Audit cultures and quality assurance mechanisms in England: a study of their perceived impact on the work of academics

Ming Cheng

Research output: Contribution to journalArticlepeer-review

36 Citations (Scopus)


Proponents of the concept of the audit culture in UK higher education argue that from the late 1990s onward audit functioned as a form of power control and had a profound effect on academics and their work. Such arguments continued to be made into the early 2000s. Since then, however, the level of external scrutiny surrounding UK academics' teaching has decreased. This paper presents a case study of academics at a pre-1992 university to examine how they perceived the audit culture and audit-related quality assurance mechanisms. This paper reveals that nearly two-thirds of those interviewed considered audit and quality assurance mechanisms as a bureaucratic practice that had little impact on their work. Only about one-third found the audit useful for improving undergraduate classroom teaching practice, particularly increasing academics' awareness of the importance of good teaching.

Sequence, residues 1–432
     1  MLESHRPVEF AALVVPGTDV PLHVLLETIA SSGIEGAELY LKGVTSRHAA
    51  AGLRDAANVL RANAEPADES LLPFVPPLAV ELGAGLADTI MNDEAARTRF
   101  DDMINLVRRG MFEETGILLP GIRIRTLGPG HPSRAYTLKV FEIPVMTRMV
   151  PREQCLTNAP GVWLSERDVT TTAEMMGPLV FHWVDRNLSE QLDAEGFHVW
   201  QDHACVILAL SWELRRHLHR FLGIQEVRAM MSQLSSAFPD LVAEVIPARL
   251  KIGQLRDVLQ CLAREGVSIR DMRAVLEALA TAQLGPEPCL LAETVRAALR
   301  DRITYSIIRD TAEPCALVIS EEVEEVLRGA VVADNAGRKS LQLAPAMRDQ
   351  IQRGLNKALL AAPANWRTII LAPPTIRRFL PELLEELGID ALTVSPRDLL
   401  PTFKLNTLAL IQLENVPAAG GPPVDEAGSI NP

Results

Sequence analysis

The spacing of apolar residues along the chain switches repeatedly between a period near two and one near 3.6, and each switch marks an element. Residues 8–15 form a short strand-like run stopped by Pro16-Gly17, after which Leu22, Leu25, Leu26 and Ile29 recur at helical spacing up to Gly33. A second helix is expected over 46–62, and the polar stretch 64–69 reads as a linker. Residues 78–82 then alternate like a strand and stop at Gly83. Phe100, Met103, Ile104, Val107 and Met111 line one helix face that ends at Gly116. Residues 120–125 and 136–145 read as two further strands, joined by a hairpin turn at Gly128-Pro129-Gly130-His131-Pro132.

Original languageEnglish
Pages (from-to)259-271
Number of pages13
JournalTeaching in Higher Education
Issue number3
Early online date14 Jun 2010
Publication statusPublished - 2010

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